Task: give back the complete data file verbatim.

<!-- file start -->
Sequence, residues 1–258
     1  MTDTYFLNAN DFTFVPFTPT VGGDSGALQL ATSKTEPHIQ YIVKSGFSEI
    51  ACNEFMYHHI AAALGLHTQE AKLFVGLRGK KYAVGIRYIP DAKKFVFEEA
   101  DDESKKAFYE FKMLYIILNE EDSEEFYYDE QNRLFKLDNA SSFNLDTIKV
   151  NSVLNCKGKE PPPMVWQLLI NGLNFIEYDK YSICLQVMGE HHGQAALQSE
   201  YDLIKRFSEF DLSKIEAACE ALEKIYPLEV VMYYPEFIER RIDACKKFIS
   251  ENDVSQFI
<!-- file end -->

Sequence, residues 1–258
     1  MTDTYFLNAN DFTFVPFTPT VGGDSGALQL ATSKTEPHIQ YIVKSGFSEI
    51  ACNEFMYHHI AAALGLHTQE AKLFVGLRGK KYAVGIRYIP DAKKFVFEEA
   101  DDESKKAFYE FKMLYIILNE EDSEEFYYDE QNRLFKLDNA SSFNLDTIKV
   151  NSVLNCKGKE PPPMVWQLLI NGLNFIEYDK YSICLQVMGE HHGQAALQSE
   201  YDLIKRFSEF DLSKIEAACE ALEKIYPLEV VMYYPEFIER RIDACKKFIS
   251  ENDVSQFI